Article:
In defence of the grey squirrel, Britain’s most unpopular invader

Jason Gilchrist /, Author provided

In defence of the grey squirrel, Britain’s most unpopular invader

Furry, fast, occasionally chubby. Small, whiskered, bushy tailed. An expert climber. A nut eater. And grey.

For those in the UK, everything was going great until that last trait. You were probably thinking “cute” and “cuddly”, and feeling positive about this mystery mammal. Until you discover it is the grey and not the red squirrel.

Grey squirrels are a contradiction. They have all the characteristics of animals that people tend to love, and yet they are actively persecuted by humankind. BBC presenter Chris Packham calls them Britain’s “most unpopular non-native invader” – and one of their unflattering nicknames is the “tree rat”.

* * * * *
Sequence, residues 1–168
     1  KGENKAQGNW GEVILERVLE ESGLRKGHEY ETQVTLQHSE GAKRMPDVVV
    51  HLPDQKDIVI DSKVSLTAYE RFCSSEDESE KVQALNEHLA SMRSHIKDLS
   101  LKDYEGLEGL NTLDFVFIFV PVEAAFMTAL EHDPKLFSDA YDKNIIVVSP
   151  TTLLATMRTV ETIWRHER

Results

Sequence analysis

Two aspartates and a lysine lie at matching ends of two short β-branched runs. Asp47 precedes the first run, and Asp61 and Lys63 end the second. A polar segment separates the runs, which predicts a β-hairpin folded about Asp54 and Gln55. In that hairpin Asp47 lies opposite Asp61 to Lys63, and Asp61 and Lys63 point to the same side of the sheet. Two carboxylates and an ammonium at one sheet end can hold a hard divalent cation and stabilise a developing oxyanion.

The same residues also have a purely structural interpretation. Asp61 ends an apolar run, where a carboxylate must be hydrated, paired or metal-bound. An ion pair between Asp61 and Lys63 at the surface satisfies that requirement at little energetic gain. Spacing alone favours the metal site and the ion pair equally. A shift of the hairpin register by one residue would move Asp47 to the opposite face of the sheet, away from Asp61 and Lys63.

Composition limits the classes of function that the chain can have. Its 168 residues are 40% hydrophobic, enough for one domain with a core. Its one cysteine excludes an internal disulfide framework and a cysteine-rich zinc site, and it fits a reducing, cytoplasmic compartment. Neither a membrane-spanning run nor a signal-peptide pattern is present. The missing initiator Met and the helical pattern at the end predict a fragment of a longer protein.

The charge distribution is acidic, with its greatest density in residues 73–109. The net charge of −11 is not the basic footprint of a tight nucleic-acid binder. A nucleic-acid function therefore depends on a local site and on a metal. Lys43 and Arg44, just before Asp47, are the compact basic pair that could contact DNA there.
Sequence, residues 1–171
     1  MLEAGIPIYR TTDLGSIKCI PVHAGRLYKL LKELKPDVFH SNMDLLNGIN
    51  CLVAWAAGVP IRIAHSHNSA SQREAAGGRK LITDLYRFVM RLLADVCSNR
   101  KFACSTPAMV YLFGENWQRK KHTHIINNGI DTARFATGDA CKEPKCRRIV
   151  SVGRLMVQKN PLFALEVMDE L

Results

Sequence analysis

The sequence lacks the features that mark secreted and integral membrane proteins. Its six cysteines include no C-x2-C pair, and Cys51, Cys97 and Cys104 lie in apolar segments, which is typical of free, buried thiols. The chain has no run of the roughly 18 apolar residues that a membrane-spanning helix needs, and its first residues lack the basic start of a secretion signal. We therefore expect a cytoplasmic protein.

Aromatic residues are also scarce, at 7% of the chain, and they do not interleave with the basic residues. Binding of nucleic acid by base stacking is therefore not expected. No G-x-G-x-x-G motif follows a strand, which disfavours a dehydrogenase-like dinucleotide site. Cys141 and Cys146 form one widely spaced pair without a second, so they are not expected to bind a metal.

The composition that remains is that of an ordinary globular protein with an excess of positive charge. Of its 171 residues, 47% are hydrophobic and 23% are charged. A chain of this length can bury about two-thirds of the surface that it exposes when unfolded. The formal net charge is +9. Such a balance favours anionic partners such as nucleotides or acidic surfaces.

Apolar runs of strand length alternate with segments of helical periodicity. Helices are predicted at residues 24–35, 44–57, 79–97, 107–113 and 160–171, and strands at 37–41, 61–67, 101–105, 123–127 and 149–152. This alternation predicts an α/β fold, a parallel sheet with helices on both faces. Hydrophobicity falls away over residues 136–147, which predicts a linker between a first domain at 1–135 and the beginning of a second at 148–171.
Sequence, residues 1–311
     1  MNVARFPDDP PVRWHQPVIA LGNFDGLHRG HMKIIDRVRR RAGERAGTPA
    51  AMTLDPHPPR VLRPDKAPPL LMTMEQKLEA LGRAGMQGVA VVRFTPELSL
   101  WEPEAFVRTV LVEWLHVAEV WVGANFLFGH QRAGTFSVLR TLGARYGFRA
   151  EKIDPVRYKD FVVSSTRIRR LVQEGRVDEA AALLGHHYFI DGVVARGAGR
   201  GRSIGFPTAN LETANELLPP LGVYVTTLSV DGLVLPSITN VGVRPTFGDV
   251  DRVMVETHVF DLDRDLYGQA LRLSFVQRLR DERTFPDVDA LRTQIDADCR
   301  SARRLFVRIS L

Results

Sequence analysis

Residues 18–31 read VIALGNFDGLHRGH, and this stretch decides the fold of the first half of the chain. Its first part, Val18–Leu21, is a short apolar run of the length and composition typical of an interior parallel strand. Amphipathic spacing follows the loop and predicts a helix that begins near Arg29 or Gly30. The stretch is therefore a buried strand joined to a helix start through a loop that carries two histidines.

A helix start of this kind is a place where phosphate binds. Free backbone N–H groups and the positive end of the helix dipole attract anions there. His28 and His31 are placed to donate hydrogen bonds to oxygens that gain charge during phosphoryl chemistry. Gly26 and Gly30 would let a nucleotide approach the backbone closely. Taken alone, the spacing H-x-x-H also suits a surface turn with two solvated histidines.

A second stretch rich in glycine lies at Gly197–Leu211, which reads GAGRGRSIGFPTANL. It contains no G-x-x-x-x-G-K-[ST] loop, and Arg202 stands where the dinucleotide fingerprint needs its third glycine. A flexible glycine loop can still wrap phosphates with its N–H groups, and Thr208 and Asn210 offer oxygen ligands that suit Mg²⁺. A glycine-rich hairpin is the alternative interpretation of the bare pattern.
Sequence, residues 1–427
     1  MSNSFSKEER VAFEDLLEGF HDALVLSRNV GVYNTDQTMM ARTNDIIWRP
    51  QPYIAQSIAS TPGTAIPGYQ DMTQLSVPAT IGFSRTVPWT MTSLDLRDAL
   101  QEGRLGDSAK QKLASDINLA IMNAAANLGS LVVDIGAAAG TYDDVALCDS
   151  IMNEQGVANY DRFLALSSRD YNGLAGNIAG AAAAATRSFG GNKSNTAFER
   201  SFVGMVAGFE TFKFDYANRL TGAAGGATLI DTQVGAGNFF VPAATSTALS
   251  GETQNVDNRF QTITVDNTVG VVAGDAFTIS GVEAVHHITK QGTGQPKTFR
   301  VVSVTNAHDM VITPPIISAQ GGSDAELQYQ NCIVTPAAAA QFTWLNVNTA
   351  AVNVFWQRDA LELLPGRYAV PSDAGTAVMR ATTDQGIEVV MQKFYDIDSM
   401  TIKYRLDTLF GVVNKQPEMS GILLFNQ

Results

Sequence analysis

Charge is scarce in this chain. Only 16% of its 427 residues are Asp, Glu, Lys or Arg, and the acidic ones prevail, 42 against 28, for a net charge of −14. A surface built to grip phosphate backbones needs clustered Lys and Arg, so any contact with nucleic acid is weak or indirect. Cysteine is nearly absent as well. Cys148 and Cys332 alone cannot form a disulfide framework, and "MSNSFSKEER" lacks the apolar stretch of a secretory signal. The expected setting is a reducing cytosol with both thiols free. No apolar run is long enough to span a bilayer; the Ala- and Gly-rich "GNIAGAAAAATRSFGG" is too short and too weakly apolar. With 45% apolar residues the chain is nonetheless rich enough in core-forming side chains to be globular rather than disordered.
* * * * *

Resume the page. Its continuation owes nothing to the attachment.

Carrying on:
The Wildlife Trust has recently announced plans to recruit an army of 5,000 volunteers to monitor their endangered native relative, the red squirrel – and kill the greys.

Cute but criminal

So why such a bad press for grey squirrels? Firstly, they ain’t from around here: greys were deliberately introduced from North America in the late 19th century as an exotic addition to country estates. They soon spread across the UK, however, and today the invaders are the dominant squirrel across almost all of England and Wales and much of Scotland and Ireland.